Today we are finishing up the 1940 BearBrand/Bucilla booklet. The first photo shows the back cover with an ad for Lux soap. Almost all sweaters were wool back then, so almost every soap ad had instructions on washing and blocking wool garments.
This cute little blouse/cardigan is made from a fine angora yarn at 8 1/2 sts/inch on size 2 needles. It has over a dozen buttons down the front. I can't quite make out the pattern on the front band and the collar, but it looks like it could be embossed leaves. The rest of the sweater is in garter stitch.
There seemed to be different sorts of dress categories back in the day, and this is an 'afternoon' dress. There were house dresses, cocktail dresses, formal dresses, evening dresses, etc. I guess an afternoon dress was for dressing up to go to town or a luncheon but not as formal as say, a cocktail dress. This is a one-piece dress with patterned bodice and sleeves, though the yoke and sleeve tops are plain. The skirt has pleats. The dress is knit of Angel Crepe dress yarn at 8 1/2 sts/inch.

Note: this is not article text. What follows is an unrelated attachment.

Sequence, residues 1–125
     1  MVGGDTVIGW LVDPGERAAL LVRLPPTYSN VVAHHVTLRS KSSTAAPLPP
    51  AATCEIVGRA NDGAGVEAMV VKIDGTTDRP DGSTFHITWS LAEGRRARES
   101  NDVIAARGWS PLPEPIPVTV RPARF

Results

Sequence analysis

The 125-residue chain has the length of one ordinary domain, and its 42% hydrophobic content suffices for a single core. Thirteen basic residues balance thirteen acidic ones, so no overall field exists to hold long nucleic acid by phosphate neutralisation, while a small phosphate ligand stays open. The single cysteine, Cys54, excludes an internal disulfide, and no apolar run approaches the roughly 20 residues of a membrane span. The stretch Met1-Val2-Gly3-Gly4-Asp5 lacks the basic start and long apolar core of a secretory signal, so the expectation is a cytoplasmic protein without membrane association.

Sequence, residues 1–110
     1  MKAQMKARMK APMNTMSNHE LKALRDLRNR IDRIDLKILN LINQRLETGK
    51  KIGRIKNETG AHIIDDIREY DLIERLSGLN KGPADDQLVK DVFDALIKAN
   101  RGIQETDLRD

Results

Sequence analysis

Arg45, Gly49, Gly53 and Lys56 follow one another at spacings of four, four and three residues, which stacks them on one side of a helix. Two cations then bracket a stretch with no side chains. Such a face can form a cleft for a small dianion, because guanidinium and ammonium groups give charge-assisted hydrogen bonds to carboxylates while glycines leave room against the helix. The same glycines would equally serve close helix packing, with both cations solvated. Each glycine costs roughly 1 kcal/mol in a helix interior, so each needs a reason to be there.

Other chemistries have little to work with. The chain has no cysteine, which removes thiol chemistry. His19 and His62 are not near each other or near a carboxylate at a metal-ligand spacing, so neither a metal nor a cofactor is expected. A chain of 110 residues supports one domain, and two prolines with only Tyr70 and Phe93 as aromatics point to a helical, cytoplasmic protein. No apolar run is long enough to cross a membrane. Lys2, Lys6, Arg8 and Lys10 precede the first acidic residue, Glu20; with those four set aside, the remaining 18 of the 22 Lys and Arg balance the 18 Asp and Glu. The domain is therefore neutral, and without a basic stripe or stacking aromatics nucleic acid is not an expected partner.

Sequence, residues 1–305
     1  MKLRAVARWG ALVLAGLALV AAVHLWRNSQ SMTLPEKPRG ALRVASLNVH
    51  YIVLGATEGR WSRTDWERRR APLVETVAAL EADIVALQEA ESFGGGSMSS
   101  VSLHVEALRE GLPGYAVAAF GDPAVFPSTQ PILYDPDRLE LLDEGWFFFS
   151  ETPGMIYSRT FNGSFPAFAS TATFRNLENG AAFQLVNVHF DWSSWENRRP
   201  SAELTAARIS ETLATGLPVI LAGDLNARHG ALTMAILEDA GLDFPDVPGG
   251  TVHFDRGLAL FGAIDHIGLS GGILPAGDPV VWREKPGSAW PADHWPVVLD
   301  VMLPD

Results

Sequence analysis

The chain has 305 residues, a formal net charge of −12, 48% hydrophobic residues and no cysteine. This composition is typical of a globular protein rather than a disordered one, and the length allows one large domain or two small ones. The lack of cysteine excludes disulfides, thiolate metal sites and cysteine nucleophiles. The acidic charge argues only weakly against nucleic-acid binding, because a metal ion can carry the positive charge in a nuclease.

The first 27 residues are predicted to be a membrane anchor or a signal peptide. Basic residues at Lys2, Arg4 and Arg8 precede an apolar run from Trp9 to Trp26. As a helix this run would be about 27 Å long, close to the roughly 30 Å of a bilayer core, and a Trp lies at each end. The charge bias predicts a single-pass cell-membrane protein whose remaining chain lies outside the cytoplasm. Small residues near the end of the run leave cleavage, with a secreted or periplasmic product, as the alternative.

'Sportster' is not only supposed to be worn for all outdoors, as the description says, but it is also knit of sport yarn at 7 sts/inch. It is another shorter, waist-hugging cardigan, but this one has fairisle bands on the pockets, sleeves, and collar band.
This dress in a crepe yarn is supposed to be for the career girl. The picture is so dark that I can't really see the design features of the dress except for the front pockets on the skirt and the peter pan collar edged in velvet ribbon.
This little pullover was meant to be worn under the plaid jacket we showed before. It has a high neckline and four faux pockets.
I hear that the fire season is going strong down south, but we have already burned up most of Northern California, so perhaps we will be spared this fall. We are having lovely warm weather though.